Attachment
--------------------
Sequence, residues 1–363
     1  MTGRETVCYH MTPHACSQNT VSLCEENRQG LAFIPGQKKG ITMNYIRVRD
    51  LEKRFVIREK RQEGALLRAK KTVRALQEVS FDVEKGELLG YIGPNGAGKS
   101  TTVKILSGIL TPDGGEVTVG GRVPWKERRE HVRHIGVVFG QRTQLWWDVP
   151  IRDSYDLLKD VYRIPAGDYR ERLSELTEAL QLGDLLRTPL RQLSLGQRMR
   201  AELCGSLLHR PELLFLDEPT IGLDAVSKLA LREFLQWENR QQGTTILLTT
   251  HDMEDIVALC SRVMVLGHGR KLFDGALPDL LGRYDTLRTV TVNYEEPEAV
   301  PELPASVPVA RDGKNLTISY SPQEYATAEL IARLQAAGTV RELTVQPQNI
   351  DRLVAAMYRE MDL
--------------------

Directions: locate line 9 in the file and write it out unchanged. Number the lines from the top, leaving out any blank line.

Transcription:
   351  DRLVAAMYRE MDL